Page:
‘It’s an amazing tournament’ Former players have fond memories of York’s Jack Tosh Holiday Classic

As a youth, David Cohn spent many winters watching games at the Jack Tosh Holiday Classic. Cohn would visualize making highlight-reel plays, hitting 3-pointers, all the while leading York to the championship trophy at the esteemed holiday tournament.

“My uncle is a huge high school sports fan,” Cohn said. “He went to York games a lot, and brought me and my cousin along. We loved it. As 10-year olds, we wanted nothing more than to star at York in the championship game of the Tosh.

“We would be out in the backyard doing fake starting lineups and fake simulations of the games. We were personally fond of the Joe Acosta and Steve Crane teams.”

A few years later, Cohn would live out his dream and suit up for the Dukes, and became a star attraction at the annual tournament. He was named the Most Valuable Player for the 2012 tournament – the first time York captured the team title in 30 years.

Eight years later, the Dukes were denied an opportunity to win the prestigious trophy because the tournament was canceled due to the coronavirus pandemic.

With each passing year, the Jack Tosh Holiday tournament has grown in stature, helped by the field growing to 32 teams, a strong online presence and the generous hospitality of the host school that leads to many top programs bypassing other tournaments.

York first-year coach Mike Dunn admitted not coaching in the 47th version of the Jack Tosh this season was another frustrating aspect of the pandemic. Dunn knows well how much the tournament means to the basketball community, and the community of Elmhurst. His great-grandfather, Clarence D. East, was York’s first head basketball coach and first athletic director. Dunn has regularly attended the Jack Tosh over the years to scout teams.

“It’s has such a great legacy and means so much to the Elmhurst community, but it will be back next season,” Dunn said. “I’m looking forward to coaching in it and being a part of it.

“We’ll be ready for 2021. We had a loaded 2020 tournament with great teams, but we have all the contracts signed for next season. We’re keeping the tournament at 32 teams, and we will be better next season. I just feel bad for our seniors, like Jeff Grace who has been a part of the program for four years and played in the championship game. The seniors won’t have another chance to play in the tournament.”

The tournament is named after Jack Tosh, who coached boys basketball at DeKalb – leading the Barbs to fourth place in the state in 1968 – and who was athletic director at York from the mid 1970′s until his retirement in 1990. It was Tosh, a 1989 inductee into the Illinois Basketball Coaches Association Hall of Fame, who started what was originally called the York Holiday Festival in 1974. The tournament was renamed the Jack Tosh Tournament after his retirement.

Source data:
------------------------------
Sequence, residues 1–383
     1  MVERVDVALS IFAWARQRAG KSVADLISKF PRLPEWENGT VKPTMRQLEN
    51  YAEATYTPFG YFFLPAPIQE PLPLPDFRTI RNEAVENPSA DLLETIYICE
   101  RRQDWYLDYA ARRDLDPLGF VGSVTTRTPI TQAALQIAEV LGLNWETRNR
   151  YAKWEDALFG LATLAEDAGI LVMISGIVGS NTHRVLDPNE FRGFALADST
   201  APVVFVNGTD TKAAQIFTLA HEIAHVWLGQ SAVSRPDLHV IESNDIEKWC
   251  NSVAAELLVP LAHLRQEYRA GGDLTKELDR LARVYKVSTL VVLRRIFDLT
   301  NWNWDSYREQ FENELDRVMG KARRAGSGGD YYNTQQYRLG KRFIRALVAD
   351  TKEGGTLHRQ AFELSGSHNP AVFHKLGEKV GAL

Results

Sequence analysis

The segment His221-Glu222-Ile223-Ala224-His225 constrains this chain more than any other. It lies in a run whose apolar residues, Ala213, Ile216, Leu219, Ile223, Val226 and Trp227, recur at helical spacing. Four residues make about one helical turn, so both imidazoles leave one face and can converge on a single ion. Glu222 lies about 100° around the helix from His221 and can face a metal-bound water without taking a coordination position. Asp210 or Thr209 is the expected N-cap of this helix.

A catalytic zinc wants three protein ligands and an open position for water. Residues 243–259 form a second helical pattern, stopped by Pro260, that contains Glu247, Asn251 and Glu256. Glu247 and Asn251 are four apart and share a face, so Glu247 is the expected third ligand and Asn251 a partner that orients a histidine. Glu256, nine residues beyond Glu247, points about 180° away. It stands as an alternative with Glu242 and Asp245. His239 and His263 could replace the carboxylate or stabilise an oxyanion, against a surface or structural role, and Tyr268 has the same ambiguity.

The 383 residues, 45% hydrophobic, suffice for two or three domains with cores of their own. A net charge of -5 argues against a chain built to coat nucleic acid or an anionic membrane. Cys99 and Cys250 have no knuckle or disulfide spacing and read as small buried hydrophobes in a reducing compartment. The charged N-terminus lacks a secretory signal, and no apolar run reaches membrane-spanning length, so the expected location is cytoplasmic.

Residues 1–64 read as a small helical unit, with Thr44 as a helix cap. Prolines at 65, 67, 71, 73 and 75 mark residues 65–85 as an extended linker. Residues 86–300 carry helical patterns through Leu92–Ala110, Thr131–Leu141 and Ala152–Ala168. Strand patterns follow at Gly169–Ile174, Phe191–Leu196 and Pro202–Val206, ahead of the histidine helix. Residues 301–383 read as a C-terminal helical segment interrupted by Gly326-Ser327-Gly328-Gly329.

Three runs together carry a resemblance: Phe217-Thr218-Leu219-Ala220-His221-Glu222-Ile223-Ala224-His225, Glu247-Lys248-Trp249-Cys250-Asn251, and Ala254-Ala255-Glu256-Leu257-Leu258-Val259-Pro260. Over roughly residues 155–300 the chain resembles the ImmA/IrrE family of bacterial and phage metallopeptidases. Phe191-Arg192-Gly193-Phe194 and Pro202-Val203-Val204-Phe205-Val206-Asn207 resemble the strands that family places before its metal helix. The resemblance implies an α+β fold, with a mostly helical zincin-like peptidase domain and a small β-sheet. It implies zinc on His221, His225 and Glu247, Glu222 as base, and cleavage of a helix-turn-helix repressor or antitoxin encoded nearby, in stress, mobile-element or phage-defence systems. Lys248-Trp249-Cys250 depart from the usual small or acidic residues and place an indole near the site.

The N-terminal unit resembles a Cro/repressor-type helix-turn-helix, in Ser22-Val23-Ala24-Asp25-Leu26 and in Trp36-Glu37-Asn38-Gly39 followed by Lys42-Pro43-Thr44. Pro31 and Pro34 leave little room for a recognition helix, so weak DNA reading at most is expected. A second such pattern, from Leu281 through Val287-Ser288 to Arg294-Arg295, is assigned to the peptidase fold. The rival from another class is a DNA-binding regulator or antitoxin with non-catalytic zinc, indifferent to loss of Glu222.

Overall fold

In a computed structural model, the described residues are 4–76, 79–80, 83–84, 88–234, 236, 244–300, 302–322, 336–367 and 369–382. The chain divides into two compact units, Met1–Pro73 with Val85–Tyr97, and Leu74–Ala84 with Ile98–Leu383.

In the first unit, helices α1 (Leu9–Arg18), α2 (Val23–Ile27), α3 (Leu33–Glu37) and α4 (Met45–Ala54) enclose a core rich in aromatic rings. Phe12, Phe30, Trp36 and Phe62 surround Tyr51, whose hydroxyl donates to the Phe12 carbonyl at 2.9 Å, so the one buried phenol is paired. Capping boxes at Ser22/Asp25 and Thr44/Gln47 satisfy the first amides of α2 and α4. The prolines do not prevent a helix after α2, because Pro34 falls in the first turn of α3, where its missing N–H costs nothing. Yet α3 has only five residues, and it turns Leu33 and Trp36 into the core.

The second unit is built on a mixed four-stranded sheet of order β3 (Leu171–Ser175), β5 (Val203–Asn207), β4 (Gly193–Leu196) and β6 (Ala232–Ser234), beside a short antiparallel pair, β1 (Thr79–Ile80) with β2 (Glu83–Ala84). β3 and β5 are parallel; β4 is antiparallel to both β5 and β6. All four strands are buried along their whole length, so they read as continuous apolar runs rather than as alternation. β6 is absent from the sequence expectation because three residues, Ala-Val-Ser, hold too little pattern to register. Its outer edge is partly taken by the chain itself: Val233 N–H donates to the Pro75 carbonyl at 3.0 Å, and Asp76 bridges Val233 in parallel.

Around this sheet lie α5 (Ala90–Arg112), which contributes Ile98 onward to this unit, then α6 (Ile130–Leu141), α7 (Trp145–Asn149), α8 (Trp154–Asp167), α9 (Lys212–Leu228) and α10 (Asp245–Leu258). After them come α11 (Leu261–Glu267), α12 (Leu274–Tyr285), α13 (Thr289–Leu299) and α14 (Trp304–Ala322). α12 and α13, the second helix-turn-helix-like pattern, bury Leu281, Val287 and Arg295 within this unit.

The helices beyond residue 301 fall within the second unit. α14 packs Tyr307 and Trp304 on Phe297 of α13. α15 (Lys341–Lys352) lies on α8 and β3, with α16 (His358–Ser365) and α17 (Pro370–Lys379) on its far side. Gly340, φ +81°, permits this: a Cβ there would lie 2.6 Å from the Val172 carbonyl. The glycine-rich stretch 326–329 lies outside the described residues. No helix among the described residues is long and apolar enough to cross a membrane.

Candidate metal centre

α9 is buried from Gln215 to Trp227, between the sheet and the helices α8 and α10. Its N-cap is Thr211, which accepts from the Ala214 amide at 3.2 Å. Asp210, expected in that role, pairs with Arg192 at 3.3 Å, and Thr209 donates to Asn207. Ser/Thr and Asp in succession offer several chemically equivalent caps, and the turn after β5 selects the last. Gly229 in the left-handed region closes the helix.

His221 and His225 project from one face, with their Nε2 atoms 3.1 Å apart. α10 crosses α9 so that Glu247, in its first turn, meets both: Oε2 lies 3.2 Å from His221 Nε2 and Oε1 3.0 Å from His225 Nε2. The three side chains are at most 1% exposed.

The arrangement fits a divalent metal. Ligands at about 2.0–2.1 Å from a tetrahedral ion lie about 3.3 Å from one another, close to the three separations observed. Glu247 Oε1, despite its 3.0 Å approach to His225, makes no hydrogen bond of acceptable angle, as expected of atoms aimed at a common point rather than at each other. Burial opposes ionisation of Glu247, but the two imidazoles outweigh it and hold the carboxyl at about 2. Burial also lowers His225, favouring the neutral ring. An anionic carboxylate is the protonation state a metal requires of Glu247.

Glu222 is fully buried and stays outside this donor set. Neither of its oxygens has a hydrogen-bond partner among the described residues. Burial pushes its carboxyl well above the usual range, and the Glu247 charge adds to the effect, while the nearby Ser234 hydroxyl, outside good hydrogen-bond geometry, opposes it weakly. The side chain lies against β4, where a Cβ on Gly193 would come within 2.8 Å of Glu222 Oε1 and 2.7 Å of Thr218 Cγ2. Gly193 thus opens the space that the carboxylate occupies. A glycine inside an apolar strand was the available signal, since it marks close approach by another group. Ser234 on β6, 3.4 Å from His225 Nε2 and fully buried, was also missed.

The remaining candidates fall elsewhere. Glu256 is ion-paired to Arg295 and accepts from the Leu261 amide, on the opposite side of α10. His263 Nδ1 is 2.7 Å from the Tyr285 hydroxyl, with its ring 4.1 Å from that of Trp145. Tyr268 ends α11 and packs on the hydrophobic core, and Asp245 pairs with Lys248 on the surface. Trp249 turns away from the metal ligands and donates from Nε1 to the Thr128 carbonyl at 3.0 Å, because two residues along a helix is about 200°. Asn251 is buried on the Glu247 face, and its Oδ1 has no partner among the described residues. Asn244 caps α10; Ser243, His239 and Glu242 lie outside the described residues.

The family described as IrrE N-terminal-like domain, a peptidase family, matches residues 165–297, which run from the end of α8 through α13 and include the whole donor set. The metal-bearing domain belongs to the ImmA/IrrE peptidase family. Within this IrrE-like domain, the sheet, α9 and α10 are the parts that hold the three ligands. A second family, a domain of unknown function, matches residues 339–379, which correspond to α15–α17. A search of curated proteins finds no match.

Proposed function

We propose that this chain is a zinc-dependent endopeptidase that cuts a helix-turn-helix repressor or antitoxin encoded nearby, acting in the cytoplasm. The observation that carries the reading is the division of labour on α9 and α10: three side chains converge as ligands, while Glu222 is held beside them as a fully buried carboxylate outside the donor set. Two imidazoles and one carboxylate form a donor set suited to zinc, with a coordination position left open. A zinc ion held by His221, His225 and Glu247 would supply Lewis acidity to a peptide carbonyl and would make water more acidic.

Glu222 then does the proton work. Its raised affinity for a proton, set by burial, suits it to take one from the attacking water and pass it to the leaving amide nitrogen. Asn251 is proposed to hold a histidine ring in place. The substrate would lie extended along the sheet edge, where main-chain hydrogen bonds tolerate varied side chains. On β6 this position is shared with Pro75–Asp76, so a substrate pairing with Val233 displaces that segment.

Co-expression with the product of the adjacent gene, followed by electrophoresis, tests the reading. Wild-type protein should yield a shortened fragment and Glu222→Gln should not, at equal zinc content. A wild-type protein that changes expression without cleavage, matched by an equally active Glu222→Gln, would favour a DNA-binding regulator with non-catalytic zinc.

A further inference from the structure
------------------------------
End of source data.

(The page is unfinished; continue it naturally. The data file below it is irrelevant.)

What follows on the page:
Naturally, Cohn calls the 2012 title his fondest memory of the tournament. The 6-foot-2 Cohn played for Colorado State and William & Mary, then for the Philadelphia 76ers summer league team. Cohn has played the last two season overseas in Israel, but plans to join an NBA G League team.

“Winning the Jack Tosh was like things coming full circle for me and my cousin, my uncle and dad,” Cohn said. “We had watched it and wanted to achieve it, and fortunately we were able to actually live that out. I’m pretty sentimental, so those types of things are really important to me and I cherish times like that.”

Former York standout center Frank Toohey, who played at Air Force, had a short walk to attend the tournament.

“Growing up across the street from York, we would go every year,” Toohey said. “I grew up watching Will Sullivan. My best memory is, without a doubt, winning the 2012 tournament against Conant.”

Former York point guard Nick Kosich, now a sophomore guard at Benedictine, also attend the tournament regularly during his childhood before guiding the Dukes to a pair of tourney titles, including in 2018.

“It was my dream to play for York and in the Jack Tosh tourney,” he said. “I loved watching all the great players from York, like David Cohn, Will Sullivan and Frank Toohey.

“As a player, winning those Jack Tosh tournaments are moments that I’ll cherish for the rest of my life.”

Erik Cohn, a sophomore guard at Trinity Christian College, had a special bond to the York program watching his older brother, David, live out his high school dreams. Erik Cohn sparked the Dukes to the 2018 title, but he said the tournament has been a family affair for many years.

“My dad was the head of the concession for the tournament and I would help him get Gatorade, Coke and other stuff for the tournament, and then we would watch my brother play,” Erik Cohn said. “The tournament is so unique to York, and it’s an amazing tournament. Winning the tournament in my senior year was the pinnacle of my career as a Duke.”

North Dakota freshman guard Nate Shockey, a 2019 York graduate, started making a name for himself in the Chicago area through his performances at the Jack Tosh his final two seasons. He scored 23 points in last season’s title-game loss to Bolingbrook.

Shockey, who has played in eight games this season for the Fighting Hawks, said the Jack Tosh tourney holds special memories for him.

“As a player, everyone on the team looked forward to the Tosh because we hosted it and it was a chance to play in front of our fans, ”Shockey said. “I will always remember the atmosphere in the gym against Downers Grove South in 2018. It was New Year’s Eve, and we were able to beat them after going back and forth the whole game. Celebrating with our student section after the game was a fun memory that I’ll always have.”